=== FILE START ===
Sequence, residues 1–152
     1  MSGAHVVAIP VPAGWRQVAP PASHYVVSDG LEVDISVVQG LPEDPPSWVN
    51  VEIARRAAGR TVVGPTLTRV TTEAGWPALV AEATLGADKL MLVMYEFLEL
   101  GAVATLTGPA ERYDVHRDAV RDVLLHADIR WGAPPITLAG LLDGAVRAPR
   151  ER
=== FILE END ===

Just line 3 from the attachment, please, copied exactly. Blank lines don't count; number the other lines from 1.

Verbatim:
    51  VEIARRAAGR TVVGPTLTRV TTEAGWPALV AEATLGADKL MLVMYEFLEL